Awards aren’t evil

A few days ago, @corisel posted this thoughtful reflection on awards in teaching. It’s well written and touches on a really important point: that teaching is a team sport. A single child is raised by a community of educators, not by any one teacher in isolation. So, individualistic awards can be a dangerous thing; they can wrongly emphasise the recognition of one person over the whole group that is really responsible for any positive thing that has been achieved.

The whole discussion reminded me of someone else who was very opposed to the whole system of awards that seems to exist in every field under the sun. That person was the renowned physicist Richard Feynman.


Feynman was an incredible scientist, but he was also an amazing personality. If you’ve got 10 minutes and want to marvel at his life, watch this very entertaining video about him by Scishow. The relevant fact about him, though, was that he hated the idea of awards. As in education, science is always a group endeavour. Every discovery stands on the progress and work of others. So, Feynman argued, it was wrong to recognise individuals with awards. In one TV interview he said:

I don’t like honours… I don’t need anything else. I don’t see that it makes any point that someone… should decide this work is noble enough to receive a prize. I’ve already got the prize: the prize is the pleasure of finding the thing out, the kick in the discovery, the observation that other people use. Those are the real things; the honours are unreal to me. I don’t believe in honours. It bothers me. Honours bother me!

His words seem to capture the essence of what many people have been saying so far in the discussion. But there’s more to the story. Feynman was awarded the Nobel Prize in Physics in 1965 – and given his whole stance on things, you would expect him to have refused the prize (he wouldn’t have been the first). However, he didn’t; he accepted the prize. This wasn’t just because he wanted his name up in lights all of a sudden. He actually went through a philosophical reversal about prizes when he saw the response of his friends and the common populace when he was awarded the prize. In his acceptance speech for the Nobel Prize, he said:

And so, you Swedish people, with your honours, and your trumpets, and your king – forgive me. For I understand at last – such things [awards] provide entrance to the heart. Used by a wise and peaceful people they can generate good feeling, even love, among men, even in lands far beyond your own. For that lesson, I thank you.

His point is that awards have a power to draw attention to things that are good, and make people aware and curious about good things that they otherwise would not have done. Yes, they can be abused – they can be pursued for selfish reasons or given out as mere political gestures – but the awards themselves are not bad. In fact, they can be wonderful.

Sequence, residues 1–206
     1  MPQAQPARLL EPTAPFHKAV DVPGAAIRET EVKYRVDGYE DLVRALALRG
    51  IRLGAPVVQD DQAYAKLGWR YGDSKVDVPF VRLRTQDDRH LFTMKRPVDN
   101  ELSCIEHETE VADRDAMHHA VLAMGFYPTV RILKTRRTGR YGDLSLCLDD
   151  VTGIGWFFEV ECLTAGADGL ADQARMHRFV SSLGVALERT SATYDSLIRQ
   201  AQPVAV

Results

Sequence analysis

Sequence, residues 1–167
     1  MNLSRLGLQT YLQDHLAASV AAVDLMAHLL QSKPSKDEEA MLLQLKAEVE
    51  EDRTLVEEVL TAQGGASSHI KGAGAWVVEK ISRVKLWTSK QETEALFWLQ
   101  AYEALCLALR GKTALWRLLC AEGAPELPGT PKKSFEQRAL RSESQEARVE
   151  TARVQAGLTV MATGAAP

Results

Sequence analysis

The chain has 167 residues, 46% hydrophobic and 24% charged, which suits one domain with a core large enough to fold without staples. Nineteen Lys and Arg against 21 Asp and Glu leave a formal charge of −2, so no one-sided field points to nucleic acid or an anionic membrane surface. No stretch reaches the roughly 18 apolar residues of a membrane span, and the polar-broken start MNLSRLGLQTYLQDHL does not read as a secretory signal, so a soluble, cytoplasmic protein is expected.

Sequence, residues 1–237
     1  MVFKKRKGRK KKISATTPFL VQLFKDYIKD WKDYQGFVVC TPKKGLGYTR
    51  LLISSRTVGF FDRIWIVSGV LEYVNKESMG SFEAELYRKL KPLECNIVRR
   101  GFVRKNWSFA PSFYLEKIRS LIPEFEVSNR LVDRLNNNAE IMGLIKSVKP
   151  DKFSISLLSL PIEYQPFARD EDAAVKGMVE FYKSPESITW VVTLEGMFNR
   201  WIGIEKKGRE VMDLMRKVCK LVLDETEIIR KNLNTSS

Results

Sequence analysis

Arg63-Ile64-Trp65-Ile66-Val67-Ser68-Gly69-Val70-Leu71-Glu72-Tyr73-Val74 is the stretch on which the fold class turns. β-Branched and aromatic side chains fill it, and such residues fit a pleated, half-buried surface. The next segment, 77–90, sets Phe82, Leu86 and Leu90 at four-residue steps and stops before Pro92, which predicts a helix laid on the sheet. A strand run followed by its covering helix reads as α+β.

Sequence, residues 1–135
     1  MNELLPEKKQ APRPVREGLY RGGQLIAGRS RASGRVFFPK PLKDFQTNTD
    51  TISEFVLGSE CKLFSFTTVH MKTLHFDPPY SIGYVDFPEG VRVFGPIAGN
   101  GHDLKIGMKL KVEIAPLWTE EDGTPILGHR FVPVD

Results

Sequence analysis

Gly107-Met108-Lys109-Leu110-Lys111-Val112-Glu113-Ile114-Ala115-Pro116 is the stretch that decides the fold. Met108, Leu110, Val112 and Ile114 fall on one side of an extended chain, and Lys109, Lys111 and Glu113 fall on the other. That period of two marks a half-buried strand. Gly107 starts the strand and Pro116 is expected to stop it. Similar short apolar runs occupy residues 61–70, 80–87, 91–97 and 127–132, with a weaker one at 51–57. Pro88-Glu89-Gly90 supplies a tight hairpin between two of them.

All this is just to think through the other side of things. I have no personal stake in the issue as I’ve never done anything to deserve such awards anyhow! But I thought it interesting and thought it would be nice to hear another point of view (namely Feynman’s – not mine).


It’s taken me a long time to dip my toes into the ocean of Twitter, but I’ve found it to be a really enriching place to go. I’ve had the opportunity to strike up lots of relationships and be exposed to lots of ideas that I wouldn’t have heard about if I stayed in my own little educational neighbourhood.

One of the greatest social structures that have emerged from Twitter are the scheduled chats. These are often run weekly (others run once a month), and see people gather to chat about a theme that’s related to their field. Naturally, I gravitate towards the teacher chats. Twitter isn’t the ideal medium for lengthy discussion of complex and nuanced issues, but that’s not what these are about. They are more like a teachmeet than a lecture: they cover a broad range of topics and connect a variety of people together, which then opens the door for further conversation later on.

I was very privileged to be the guest on #ozftchat a couple of weeks ago. Australian Family-Teacher Chat is hosted by the wonderful Jeannette James, and is exactly what it sounds like: a time for teachers and families to interact on questions and issues that affect them both (and there are lots of those). It’s a brilliant idea and a great way to open lines of communication that are more frequent and flexible than the annual parent-teacher interview.